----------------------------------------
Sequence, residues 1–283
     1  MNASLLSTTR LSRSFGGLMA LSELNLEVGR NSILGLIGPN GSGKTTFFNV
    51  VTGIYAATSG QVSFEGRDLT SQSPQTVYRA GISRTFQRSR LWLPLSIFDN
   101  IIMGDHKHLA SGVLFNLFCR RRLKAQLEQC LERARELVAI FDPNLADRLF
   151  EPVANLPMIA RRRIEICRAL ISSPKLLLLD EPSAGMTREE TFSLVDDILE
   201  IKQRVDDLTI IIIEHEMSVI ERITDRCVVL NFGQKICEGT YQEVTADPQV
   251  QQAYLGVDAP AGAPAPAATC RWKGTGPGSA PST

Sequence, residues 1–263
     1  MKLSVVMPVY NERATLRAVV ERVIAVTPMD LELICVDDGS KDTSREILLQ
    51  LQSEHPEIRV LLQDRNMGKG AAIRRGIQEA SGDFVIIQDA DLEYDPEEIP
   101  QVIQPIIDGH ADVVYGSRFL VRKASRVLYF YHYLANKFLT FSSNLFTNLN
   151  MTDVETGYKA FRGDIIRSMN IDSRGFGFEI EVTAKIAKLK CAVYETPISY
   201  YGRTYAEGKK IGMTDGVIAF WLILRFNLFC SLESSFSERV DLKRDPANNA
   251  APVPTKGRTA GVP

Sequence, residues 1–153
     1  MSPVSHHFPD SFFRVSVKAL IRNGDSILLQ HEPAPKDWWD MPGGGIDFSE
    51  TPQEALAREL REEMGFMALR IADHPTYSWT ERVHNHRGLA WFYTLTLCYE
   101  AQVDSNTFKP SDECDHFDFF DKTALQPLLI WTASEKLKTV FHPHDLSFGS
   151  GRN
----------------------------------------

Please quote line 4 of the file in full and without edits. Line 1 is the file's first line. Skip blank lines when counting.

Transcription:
   101  IIMGDHKHLA SGVLFNLFCR RRLKAQLEQC LERARELVAI FDPNLADRLF